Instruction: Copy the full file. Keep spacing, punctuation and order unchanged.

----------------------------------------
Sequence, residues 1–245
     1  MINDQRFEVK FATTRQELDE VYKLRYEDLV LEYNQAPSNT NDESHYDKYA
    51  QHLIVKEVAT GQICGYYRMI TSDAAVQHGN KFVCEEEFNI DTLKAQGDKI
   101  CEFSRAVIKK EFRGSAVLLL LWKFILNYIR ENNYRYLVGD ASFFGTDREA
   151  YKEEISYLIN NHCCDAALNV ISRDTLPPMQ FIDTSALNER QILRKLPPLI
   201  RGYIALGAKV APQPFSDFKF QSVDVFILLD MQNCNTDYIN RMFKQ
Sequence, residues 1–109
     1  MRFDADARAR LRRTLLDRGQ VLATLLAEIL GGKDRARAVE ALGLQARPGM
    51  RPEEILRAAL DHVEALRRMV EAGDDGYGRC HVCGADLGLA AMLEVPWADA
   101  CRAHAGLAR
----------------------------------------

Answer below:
Sequence, residues 1–245
     1  MINDQRFEVK FATTRQELDE VYKLRYEDLV LEYNQAPSNT NDESHYDKYA
    51  QHLIVKEVAT GQICGYYRMI TSDAAVQHGN KFVCEEEFNI DTLKAQGDKI
   101  CEFSRAVIKK EFRGSAVLLL LWKFILNYIR ENNYRYLVGD ASFFGTDREA
   151  YKEEISYLIN NHCCDAALNV ISRDTLPPMQ FIDTSALNER QILRKLPPLI
   201  RGYIALGAKV APQPFSDFKF QSVDVFILLD MQNCNTDYIN RMFKQ
Sequence, residues 1–109
     1  MRFDADARAR LRRTLLDRGQ VLATLLAEIL GGKDRARAVE ALGLQARPGM
    51  RPEEILRAAL DHVEALRRMV EAGDDGYGRC HVCGADLGLA AMLEVPWADA
   101  CRAHAGLAR